With the encouragement of UNICEF and various non-governmental organizations, many of the worst-affected countries have been striving to improve their birth registration rates. In Uganda, volunteers go house to house in targeted villages, looking for unregistered children. Many babies are born at home, with grandmothers acting as midwives, so they miss out on the registration procedures that are being modernized at hospitals and health centers.
By UNICEF’s latest count, in 2013, the births of about 230 million children under age 5 — 35 percent of the world’s total — had never been recorded. Later this year, UNICEF plans to release a new report showing that the figure has dropped to below 30 percent due to progress in countries ranging from Vietnam and Nepal to Uganda, Mali and Ivory Coast.
India is the biggest success story. It accounted for 71 million of the unregistered children in UNICEF’s 2013 report — more than half of all the Indian children in that age range. Thanks to concerted nationwide efforts, UNICEF says the number of unregistered children has dropped to 23 million — about 20 percent of all children under age 5.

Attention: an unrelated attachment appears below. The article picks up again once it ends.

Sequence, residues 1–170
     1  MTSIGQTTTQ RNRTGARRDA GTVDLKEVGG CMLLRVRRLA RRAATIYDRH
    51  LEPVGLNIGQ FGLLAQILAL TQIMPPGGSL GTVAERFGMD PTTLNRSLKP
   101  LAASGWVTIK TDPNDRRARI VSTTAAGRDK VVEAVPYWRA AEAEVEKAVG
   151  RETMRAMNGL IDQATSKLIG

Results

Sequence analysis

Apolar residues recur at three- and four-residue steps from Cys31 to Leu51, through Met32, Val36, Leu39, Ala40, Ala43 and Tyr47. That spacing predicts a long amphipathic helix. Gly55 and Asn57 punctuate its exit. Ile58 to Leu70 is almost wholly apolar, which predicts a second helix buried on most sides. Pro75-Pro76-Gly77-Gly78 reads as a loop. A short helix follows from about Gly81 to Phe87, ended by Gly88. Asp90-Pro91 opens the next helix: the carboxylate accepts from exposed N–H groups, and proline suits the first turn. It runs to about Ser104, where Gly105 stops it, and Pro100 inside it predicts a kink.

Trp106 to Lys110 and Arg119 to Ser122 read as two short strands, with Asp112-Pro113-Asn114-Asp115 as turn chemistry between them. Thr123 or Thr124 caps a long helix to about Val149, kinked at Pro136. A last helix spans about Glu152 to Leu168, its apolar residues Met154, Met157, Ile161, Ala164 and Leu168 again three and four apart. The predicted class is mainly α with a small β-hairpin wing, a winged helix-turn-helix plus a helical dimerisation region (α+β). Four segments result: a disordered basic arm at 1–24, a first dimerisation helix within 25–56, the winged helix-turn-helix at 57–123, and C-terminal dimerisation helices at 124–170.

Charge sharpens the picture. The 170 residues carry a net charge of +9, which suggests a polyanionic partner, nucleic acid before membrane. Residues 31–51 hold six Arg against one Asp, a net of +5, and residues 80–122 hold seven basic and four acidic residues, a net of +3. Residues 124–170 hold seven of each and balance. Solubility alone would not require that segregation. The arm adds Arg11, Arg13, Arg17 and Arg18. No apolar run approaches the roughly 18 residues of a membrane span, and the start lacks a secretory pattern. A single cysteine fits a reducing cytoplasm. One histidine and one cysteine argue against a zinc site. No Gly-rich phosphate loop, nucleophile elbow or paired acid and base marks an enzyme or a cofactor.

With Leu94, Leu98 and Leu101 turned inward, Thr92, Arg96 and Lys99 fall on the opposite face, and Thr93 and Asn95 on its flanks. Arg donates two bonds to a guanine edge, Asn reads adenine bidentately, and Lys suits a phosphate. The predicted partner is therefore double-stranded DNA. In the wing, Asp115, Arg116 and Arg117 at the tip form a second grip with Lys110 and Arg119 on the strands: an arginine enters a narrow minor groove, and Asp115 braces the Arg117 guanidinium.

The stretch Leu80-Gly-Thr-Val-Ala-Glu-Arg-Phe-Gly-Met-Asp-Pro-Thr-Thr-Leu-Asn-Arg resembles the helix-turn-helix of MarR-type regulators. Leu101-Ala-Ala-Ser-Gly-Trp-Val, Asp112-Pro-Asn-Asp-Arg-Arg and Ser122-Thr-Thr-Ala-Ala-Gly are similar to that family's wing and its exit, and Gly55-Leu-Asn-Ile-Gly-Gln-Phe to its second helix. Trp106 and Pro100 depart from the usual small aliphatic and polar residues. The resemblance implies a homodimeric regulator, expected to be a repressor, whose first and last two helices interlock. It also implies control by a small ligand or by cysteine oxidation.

Uganda is a potential success story as well, though very much a work in progress. UNICEF child protection officer Augustine Wassago estimates that the country’s registration rate for children under 5 is now about 60 percent, up from 30 percent in 2011.
While obtaining a birth certificate is routine for most parents in the West, it may not be a priority for African parents who worry about keeping a newborn alive and fed. Many parents wait several years, often until their children are ready for school exams, to tackle the paperwork.
Maria Nanyonga, who raises pigs and goats in Masaka, says lack of birth registration caused her to miss out on tuition subsidies for some of the seven nieces and nephews she is raising.